Home India News One month in captivity, released Andhra engineer tells all

One month in captivity, released Andhra engineer tells all

By Syed Zarir Hussain, IANS,

Guwahati : From apples to fruit bread, the captors of 50-year-old Andhra Pradesh civil engineer P. Krishna Rao tried their best to entertain him, but one month in captivity and constantly being guarded by armed militants has left him feeling traumatised.

Rao, who was kidnapped Oct 16 by militants of the outlawed National Democratic Front of Bodoland (NDFB), was released Tuesday in western Assam’s Kokrajhar district.

“We changed locations four to five times, but all these days we had stayed deep inside the jungles and slept under makeshift tents. Two to three armed militants kept vigil round the clock,” Rao told IANS in an interview hours after he was released.

Rao looked frail and exhausted when he was brought to Guwahati for a health check-up. He will board a flight for Andhra Pradesh later Wednesday.

“They behaved and treated me well. I was given apples, fruit bread, and vegetarian food to eat, although I was not able to eat anything due to tension,” Rao said in a feeble and faint voice.

Rao was project manager of the Gayatri Construction Company that is engaged in four lane highway construction work in Kokrajhar district.

“I was shocked and surprised when I was kidnapped. They said they would not harm me and simply wanted to make their voices heard for their fight for an independent homeland for the Bodo tribe…maybe I was kidnapped to get publicity,” Rao said.

Rao’s dogged determination and his faith in god helped him survive.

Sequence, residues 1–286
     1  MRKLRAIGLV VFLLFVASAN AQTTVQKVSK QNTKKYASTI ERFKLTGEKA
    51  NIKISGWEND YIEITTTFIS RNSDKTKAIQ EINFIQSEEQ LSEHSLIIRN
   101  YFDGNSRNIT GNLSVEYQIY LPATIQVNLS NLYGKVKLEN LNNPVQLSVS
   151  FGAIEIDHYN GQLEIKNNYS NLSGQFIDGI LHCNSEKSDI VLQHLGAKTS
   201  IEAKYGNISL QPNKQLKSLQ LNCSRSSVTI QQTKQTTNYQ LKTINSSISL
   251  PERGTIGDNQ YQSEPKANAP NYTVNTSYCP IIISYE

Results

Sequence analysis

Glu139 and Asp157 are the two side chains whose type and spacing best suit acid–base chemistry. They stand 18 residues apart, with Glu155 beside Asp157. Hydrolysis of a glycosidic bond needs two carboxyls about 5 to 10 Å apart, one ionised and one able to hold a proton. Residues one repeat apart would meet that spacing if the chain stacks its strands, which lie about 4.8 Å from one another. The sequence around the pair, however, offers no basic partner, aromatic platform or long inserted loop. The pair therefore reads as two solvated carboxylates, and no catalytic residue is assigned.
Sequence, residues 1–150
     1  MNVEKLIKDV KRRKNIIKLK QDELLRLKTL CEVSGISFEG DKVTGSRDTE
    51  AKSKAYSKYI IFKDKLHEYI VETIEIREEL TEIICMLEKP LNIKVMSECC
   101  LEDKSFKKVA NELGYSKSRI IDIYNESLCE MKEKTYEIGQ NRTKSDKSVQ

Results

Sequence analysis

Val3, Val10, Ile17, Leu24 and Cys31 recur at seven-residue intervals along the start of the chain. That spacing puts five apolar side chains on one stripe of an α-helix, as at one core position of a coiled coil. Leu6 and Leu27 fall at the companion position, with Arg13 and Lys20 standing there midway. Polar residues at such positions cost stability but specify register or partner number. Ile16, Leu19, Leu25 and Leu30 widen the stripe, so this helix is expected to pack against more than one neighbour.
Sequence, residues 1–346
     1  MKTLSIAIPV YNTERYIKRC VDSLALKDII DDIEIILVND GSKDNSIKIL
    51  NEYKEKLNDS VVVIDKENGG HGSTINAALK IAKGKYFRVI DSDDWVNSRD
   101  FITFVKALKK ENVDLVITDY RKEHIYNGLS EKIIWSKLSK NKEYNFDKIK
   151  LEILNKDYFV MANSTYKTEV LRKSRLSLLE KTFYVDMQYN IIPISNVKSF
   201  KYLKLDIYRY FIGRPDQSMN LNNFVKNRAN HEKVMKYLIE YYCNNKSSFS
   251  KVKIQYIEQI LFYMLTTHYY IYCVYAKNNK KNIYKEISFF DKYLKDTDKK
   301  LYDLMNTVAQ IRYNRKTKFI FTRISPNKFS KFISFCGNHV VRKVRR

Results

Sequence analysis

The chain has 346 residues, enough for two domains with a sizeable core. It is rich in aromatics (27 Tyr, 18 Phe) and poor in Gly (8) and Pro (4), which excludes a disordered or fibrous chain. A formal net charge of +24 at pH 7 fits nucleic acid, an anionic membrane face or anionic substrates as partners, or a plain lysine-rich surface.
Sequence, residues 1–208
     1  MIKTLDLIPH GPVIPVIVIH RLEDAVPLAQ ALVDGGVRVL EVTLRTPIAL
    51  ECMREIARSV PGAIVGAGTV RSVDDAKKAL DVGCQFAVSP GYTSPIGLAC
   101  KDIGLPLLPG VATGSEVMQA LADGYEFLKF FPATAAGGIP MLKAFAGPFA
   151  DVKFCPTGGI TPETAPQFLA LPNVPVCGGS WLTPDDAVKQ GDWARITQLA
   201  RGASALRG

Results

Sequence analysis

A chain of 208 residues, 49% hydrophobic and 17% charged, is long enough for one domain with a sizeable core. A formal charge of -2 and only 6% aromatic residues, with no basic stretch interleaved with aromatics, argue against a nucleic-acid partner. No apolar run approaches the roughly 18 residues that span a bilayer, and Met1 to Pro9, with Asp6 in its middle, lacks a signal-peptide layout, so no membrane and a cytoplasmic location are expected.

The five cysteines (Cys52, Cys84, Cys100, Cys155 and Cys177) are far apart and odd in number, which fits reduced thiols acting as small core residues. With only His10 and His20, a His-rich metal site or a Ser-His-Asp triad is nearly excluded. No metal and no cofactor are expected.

“Almost every one hour I prayed to god and asked him to help me be released from their clutches. I also requested the militants to release me saying I had health problems (diabetes, hyper-tension, cardiac problems) and they always said you will be released, don’t worry,” Rao said.

It was evident that Stockholm Syndrome had affected Rao (a psychological response seen in abducted hostages, in which the hostage shows signs of loyalty to the hostage-taker).

“They were kind and even asked me on the first day itself to speak to my family on the phone. My family back home didn’t have a phone connection and so I could not speak,” Rao said in a choked voice.

Rao, however, said he never came face to face with security forces.

“I got a hint in the past three days that I would be released. On Monday night, we walked for miles…I was panting and so walked some distance and sat and finally reached the highway where I was given a warm farewell with handshakes and the captors saying sorry for keeping me hostage for a month,” Rao said.

Rao is leaving for Gannavaram in the coastal district of Krishna in Andhra Pradesh Wednesday to be with his family.

“I would once again come and work in Kokrajhar as I have to feed my family. We are poor people and I have two sons. Without a job, how can I raise my family,” Rao said as tears welled up in his eyes.

“I don’t know if any ransom money was paid as I was in their custody. But I have no ill feelings for Assam and my captors.”